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An exploration of the symbolic significance of the horse in Federico Garcia Lorca(TM)s Blood Wedding

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An exploration of the symbolic significance of the horse in Federico Garcia Lorca's Blood Wedding Each of the characters in Lorca's Blood Wedding is given a social role with the exception of Leonardo who is differentiated by having a name which blatantly represents the physical attributes of the character. Each of Lorca's characters could be said to represent some aspect of his own feelings or thoughts. Rural life in early 20th century Andalusia was harsh and traditional with considerable importance placed on fertility, especially the potent masculinity dramatically represented in a heightened form through Leonardo. The relationship between the Horse, which is so much associated with its master, and Leonardo could be seen as one between the dominant man and the submissive animal or it could be viewed as a partnership in which Leonardo is being led blindly with the horse as a force leading him to destruction, just as Lorca himself could be seen to be driven by his own homosexuality which roused considerable controversy in 1930s rural Andalusia. ...read more.


However, Leonardo seems naively unaware that it is the horse which makes other characters suspicious of his absences from home so it could be suggested that Lorca uses the horse as the means to lead to Leonardo's eventual revelation. This is particularly important because, initially the audience see the horse as subservient to Leonardo but it could be said that the Horse symbolises the vulnerability of Leonardo to his own emotions and natural instincts. The Horse is also mentioned in a particularly passionate dialogue, for example 'but no sound of the horse. Now he'll be loving her4'�, which not only emphasises Leonardo's sensuality but also the reference to '...Horsey's throat is hot and parched...[but] wouldn't drink the water deep...'5�, symbolises Leonardo's 'thirst' for the Bride which seems impossible to satisfy. As Lorca himself was subjected to a similar form of suppression, being a homosexual in early 20th century Spain, where he could not experience what he truly felt, this is one example where Lorca has transpired his suffering through the play to the audience, as many in the audience would have a sense of sympathy towards Leonardo as he fights for what he believes in. ...read more.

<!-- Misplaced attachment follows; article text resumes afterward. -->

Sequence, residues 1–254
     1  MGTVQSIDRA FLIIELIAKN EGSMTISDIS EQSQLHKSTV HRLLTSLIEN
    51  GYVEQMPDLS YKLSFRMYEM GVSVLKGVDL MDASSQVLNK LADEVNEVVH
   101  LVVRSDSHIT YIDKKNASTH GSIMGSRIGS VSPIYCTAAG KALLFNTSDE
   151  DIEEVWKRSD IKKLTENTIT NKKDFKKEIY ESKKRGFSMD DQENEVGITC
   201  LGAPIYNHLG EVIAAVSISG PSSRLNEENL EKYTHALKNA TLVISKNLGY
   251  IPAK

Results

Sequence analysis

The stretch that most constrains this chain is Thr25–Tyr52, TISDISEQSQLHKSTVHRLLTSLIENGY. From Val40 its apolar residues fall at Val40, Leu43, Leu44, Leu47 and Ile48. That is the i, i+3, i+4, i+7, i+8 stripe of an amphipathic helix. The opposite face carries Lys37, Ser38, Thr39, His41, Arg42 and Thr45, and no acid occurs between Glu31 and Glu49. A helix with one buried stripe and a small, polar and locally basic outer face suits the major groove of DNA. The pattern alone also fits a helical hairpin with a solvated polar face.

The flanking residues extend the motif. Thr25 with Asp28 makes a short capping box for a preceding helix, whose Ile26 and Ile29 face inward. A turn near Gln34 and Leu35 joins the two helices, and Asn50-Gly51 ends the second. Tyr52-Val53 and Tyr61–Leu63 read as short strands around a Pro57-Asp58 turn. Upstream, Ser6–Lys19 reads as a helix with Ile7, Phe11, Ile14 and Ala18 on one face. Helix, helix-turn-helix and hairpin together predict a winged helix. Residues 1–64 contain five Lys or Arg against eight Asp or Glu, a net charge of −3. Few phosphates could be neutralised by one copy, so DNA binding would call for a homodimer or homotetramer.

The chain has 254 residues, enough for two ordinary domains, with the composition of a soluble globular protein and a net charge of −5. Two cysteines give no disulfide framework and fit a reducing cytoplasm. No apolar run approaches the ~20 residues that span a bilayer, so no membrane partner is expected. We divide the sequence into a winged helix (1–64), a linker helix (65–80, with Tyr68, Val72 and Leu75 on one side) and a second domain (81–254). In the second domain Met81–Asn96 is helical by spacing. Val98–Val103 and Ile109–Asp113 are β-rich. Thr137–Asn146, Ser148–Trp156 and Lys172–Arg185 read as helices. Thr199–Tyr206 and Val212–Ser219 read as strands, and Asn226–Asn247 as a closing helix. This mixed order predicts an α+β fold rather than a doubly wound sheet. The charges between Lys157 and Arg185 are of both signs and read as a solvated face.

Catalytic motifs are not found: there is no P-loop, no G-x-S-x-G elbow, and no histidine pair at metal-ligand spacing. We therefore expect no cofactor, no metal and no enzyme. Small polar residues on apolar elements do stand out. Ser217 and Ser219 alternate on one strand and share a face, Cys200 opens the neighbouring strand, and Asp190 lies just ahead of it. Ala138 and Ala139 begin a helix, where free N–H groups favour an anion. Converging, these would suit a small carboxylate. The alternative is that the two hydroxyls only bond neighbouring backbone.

Many critics believe Lorca is at his best when his language becomes more consciously poetic and this often occurs when he is portraying the Horse particularly in the Lullaby, which introduces the Horse through such dialogue as '...Even though his mouth is hot,/Streaming tiny drops of sweat.'9��.Once again the Horse is invested with an almost supernatural quality as a force which leads Leonardo, without wavering, to fulfil his destiny. For me the Horse gave the play structural coherence connecting all the characters even before the audience are aware of its significance and preparing them, subliminally for the future events of the play. To conclude, the Horse has been proved to exert a strong dramatic force with implicit symbolic connections to traditional Spain of the early 20th century, connoting masculinity, fertility and fate. The more obvious dramatic devices used by Lorca, such as the personification of Death as a Beggar Woman and the role of the Three Woodcutters, often attract more critical attention but the Horse seemed to me to be a forgotten piece of the structural puzzle which needed to be found in order to achieve a fuller understanding of Lorca's motives and aims in writing this play. ...read more.

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